How to keep hold of good staff
28 August 2012 -
The most valuable asset of any company is the people that make up its workforce. It is through their hard work and dedication that the business grows and prospers, and without committed staff the business will deteriorate over time. But what can you do to retain valuable staff in the current economic climate?
The battle for great staff has become amplified in the economic slump. Workers who are willing to do what it takes to make the company succeed through using their expertise to solve problems and find solutions that save time, money and effort are indispensible, and exceptionally hard to hold on to. For many SMEs it is difficult to match the incentives of larger corporations, but there are other ways to keep talent within your organisation. Employees are motivated by more than just an attractive salary or a beneficial package. These key strategies will help you retain crucial personnel.
Make the whole experience attractive
By understanding what your employees are looking for your chances of keeping hold of them will increase significantly. We spend a majority of our time at work, often in teams and offices, and studies have shown that the happiest employees work in organisations that offer the very best overall experience; from creating a good workplace culture, an open environment with healthy communication between management and staff, to offering a competitive salary. Remember that staff are looking to find a workplace they feel comfortable in. If they do not feel comfortable, they will look to move. Be honest with yourself. Ask yourself these questions:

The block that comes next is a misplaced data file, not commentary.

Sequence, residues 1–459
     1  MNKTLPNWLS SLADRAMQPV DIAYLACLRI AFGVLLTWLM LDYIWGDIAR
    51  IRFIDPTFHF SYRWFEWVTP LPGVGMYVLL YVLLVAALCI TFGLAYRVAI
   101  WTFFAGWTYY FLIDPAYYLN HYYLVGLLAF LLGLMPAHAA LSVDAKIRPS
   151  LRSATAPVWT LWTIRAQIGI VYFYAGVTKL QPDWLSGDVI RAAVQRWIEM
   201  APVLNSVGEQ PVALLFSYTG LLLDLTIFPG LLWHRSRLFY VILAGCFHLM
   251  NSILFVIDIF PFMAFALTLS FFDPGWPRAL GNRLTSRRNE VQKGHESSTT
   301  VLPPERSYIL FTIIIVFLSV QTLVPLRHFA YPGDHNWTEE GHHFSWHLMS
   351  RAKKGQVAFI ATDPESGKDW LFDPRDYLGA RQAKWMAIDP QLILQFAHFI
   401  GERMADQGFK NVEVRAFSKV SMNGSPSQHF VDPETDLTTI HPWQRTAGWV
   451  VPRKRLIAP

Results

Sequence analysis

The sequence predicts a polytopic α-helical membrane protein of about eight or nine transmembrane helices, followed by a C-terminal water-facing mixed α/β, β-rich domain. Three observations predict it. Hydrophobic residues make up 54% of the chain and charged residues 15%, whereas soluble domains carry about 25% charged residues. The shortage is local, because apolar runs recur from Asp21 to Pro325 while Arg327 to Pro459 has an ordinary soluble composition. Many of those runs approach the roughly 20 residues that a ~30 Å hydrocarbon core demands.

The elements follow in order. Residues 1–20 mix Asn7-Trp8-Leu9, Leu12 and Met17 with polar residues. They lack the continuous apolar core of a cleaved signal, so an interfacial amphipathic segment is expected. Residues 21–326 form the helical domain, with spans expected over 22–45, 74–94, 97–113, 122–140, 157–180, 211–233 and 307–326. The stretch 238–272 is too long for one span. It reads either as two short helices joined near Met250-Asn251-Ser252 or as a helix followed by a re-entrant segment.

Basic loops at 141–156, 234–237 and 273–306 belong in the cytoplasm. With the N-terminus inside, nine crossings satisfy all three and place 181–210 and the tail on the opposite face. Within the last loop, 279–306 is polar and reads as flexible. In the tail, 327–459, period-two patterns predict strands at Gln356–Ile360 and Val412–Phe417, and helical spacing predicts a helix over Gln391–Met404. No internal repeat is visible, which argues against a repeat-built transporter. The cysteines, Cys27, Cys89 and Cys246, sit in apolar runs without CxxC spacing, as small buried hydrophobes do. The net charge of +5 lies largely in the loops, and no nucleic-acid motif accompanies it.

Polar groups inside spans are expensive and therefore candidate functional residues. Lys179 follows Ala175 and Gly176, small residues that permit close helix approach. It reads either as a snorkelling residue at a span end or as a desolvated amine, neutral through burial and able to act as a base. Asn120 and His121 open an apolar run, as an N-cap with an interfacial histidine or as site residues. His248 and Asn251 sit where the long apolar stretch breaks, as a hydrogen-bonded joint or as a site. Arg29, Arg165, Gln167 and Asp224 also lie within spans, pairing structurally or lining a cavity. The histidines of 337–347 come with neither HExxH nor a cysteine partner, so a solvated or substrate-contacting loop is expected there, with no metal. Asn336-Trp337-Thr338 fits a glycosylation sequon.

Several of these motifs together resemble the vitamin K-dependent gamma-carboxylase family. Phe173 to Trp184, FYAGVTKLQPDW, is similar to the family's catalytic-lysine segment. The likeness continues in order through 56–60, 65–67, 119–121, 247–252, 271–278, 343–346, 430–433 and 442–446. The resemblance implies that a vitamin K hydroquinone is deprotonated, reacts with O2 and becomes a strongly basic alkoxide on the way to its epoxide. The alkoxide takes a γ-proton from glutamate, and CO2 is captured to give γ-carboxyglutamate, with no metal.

- Are a decent manager to work for?
- Are you fair minded?
- Do you listen to your staff?
- Do you welcome new ideas?
Remember that your employees are unlikely to offer you the answers to these questions, so you need to work them out for yourself.
Put yourself in their shoes
What employees look for extends way beyond economic benefits. One of the most crucial lessons managers must learn is to put themselves in the employee’s shoes and ask – under the current regime – would they themselves want to stay? By imagining yourself in your employee’s position, and you will see what other benefits you can offer your employees in terms of security and place for talent to grow.
Praise, reward, retain
Good communication and recognition is key. Set out clearly in the beginning what you expect from your employees and reward accordingly. Showing that you appreciate and value their work sends positive signals and a clear message to the whole workforce that talent is not left unnoticed. Feedback is potentially the most effective way to improve the performance of employees and their attitudes towards the company. Acknowledge achievements publicly, for example at staff meetings, to boost the individual employee’s morale, but also to motivate others.
Part of this is to offer motivational financial rewards in the form of pay increases and bonuses for outstanding performance.
But some rewards are real-cost free. Non-financial rewards that are valued by staff as rewards for good performance include:
- Early Friday finishes
- Flexible working arrangements
- Home-working options
- Chances to entertain clients or be entertained by suppliers
These techniques can act as major incentives that send strong messages that you value their contribution.
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